About Us

Make a Donation
Fully-Local • Non-Partisan • Public-Service Journalism

Council hears funding options for new convention center

Wednesday, February 8, 2017 by Kara Nuzback

Faced with concerns that the city is losing revenue because the Austin Convention Center is too small, City Council heard proposals for convention center expansions that ranged from $400 million to $600 million projects at its work session Tuesday.

Carla Steffen, deputy director and chief financial officer of the convention center, presented several proposals to Council, all of which stemmed from two basic financing options: maintain the existing 15 percent hotel occupancy tax and let voters decide whether to finance a new convention center proposal, or raise the HOT tax an additional 2 percent to 17 percent and create a financing proposal that Council could approve.

The first option replicates how the existing center was funded and qualifies the convention center as a community venue. Steffen said the project might need to omit certain components, such as improvements to the Waller Creek area, the Palm School and the historic homes on Red River. With this option, all of the pledged revenue could be spent only within the convention center venue.

The second option would allow Council to raise the HOT tax up to an additional 2 percent. That additional funding could only be used on an expansion to the existing convention center, but it allows for a higher debt capacity, Steffen said. The increase would allow planners to include more components in the proposal, including area improvements, she said. It would require Council, rather than voter, approval. The second option also has the potential to generate additional annual funding for arts, historic preservation or other uses.

“We ran scenarios under both options,” Steffen said.

Of the seven scenarios given in writing to Council members, Steffen highlighted Option 1, which would fund the expansion under the existing HOT tax rate, and Option 2B, which would implement a 2 percent increase in the rate.

Option 1 could be completed with about $400 million in project funds, but it would not allow for any area improvements or certain onsite components, such as underground parking.

Option 2B would raise the HOT tax rate to 17 percent with a plan of retiring the debt in 2021 and then bringing the rate back down to 15 percent. Option 2B would require about a $600 million project budget, and it would allow the design to include open, walkable space; underground parking; a rooftop park or venue; and improvements to the surrounding area.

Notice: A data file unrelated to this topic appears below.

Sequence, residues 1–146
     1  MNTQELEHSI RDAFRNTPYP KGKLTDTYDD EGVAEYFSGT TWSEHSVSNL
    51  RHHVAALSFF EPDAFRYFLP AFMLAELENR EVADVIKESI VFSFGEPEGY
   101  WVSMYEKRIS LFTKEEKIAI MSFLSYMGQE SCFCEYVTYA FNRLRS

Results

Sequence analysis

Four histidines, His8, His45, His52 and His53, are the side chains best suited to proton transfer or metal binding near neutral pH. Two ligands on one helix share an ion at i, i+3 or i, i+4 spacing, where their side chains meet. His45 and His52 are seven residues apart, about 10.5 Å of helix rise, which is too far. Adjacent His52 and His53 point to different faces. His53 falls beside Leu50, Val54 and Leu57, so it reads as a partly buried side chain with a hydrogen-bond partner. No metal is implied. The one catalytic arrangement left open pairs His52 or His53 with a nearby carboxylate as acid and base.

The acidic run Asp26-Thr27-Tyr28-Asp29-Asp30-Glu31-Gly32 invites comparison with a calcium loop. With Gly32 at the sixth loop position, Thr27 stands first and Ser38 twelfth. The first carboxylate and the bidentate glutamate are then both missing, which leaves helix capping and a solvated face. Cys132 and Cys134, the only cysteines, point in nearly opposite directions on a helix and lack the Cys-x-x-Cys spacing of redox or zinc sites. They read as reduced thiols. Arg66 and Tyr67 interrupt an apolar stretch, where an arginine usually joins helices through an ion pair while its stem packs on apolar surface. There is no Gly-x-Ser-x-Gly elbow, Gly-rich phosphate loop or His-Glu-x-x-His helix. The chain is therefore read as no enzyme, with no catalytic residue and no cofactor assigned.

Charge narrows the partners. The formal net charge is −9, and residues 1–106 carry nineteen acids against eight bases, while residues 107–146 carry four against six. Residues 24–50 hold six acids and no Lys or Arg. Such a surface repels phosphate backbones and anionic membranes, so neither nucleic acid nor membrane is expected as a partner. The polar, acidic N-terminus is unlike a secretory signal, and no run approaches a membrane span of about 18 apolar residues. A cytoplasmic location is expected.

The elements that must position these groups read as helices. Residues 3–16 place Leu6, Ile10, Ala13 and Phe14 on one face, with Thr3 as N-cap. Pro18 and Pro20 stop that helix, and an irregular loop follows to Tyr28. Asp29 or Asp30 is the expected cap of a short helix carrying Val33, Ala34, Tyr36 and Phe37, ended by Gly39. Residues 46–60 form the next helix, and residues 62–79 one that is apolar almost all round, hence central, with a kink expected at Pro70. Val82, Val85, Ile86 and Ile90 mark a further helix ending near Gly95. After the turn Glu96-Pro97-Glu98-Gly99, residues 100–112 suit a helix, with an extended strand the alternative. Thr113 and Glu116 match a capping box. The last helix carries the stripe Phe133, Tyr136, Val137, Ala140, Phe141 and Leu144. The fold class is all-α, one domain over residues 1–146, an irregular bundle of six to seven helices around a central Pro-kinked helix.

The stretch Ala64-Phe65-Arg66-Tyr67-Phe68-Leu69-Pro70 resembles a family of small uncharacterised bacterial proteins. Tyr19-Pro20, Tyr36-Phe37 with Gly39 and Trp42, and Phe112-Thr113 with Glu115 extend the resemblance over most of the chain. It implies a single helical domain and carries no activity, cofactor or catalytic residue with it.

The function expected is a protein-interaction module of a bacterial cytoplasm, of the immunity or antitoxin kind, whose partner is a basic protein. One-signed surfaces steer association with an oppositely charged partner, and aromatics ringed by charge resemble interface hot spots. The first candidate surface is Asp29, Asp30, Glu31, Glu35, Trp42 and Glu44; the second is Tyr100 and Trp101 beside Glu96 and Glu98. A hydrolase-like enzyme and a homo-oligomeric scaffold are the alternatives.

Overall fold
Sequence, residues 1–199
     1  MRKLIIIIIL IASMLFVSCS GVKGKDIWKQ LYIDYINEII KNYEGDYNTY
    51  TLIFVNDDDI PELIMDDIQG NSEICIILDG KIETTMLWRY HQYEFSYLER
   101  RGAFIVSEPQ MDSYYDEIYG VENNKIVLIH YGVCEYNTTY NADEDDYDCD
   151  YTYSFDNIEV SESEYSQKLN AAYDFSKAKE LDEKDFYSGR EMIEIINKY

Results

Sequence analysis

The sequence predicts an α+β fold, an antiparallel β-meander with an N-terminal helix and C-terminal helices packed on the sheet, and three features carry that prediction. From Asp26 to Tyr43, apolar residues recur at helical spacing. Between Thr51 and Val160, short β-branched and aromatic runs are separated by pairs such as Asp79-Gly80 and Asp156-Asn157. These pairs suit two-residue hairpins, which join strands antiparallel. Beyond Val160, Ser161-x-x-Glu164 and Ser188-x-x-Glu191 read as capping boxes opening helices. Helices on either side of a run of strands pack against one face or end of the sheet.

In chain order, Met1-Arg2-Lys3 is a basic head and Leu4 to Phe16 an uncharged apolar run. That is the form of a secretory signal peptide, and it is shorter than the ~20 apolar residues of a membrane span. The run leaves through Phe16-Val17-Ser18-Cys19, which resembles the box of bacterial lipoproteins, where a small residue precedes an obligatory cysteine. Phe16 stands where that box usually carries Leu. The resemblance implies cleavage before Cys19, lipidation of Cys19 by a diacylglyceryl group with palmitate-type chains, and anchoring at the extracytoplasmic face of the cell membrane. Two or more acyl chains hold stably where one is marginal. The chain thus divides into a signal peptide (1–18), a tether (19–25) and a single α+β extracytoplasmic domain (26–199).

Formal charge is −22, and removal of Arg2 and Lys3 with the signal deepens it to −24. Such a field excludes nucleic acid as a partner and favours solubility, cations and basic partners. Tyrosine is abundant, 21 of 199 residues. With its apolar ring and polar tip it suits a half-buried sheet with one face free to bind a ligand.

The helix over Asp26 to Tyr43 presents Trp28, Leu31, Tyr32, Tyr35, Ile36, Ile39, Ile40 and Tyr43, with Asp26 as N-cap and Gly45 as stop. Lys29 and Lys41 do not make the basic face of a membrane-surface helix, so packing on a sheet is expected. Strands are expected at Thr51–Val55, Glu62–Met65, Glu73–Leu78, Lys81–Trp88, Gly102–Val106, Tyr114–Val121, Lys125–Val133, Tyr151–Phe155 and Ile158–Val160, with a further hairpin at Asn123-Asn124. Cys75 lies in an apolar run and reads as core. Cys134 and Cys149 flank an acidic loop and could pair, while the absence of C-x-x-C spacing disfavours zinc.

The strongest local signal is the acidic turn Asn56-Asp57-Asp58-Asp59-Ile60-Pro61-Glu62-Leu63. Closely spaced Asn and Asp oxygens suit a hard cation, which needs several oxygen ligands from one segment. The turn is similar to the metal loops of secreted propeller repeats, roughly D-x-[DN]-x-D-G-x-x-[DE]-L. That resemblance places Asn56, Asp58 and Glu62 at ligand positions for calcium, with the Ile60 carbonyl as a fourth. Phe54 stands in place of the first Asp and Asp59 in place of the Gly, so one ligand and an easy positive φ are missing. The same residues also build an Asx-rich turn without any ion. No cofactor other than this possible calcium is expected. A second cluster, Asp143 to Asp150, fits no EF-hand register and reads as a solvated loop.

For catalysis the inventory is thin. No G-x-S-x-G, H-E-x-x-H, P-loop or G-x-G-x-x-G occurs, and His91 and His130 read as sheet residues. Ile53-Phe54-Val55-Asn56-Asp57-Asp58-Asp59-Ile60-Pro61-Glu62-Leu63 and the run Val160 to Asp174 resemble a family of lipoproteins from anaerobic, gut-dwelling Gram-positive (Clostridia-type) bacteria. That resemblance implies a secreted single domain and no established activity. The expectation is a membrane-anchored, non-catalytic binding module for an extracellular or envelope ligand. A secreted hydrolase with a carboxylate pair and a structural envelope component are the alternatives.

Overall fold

Another “big box” convention center is not what the community wants, Steffen said.

Option 2B would also include more than $6 million in funding that could be used to fund tourism and promotion or cultural arts in the city, Steffen said.

“This is not a venue option,” she said. “This option allows for excess.”

She said the new convention center could also include a new fire station or a new Austin Energy chiller, both of which are needed in the downtown area. Street-level convention center space could house restaurants and retail, she said.

Austin Convention Center Director Mark Tester said the city frequently loses groups that show an interest in Austin because the convention center is too small.

“The demand is there,” he said.

Tester said that City Council districts 1 and 3 hosted town hall meetings to discuss the potential new convention center, and District 9 is planning one.

Mayor Pro Tem Kathie Tovo, who represents District 9, said the meeting is scheduled for Feb. 25, and she is working with Travis County Commissioner Margaret Gómez to finalize the details.

“This is very interesting, and it’s a lot to think about,” Tovo said of the proposals.

Council Member Ora Houston thanked convention center officials for involving the community in its proposals and giving Council options for how to potentially fund the project.

Mayor Steve Adler said the proposal could aid Council’s scheduled discussion Thursday on funding preservation projects downtown.

Non-dropframe at English Wikipedia [CC BY 3.0], via Wikimedia Commons.

The Austin Monitor’s work is made possible by donations from the community. Though our reporting covers donors from time to time, we are careful to keep business and editorial efforts separate while maintaining transparency. A complete list of donors is available here, and our code of ethics is explained here.

Join Your Friends and Neighbors

We're a nonprofit news organization, and we put our service to you above all else. That will never change. But public-service journalism requires community support from readers like you. Will you join your friends and neighbors to support our work and mission?

Back to Top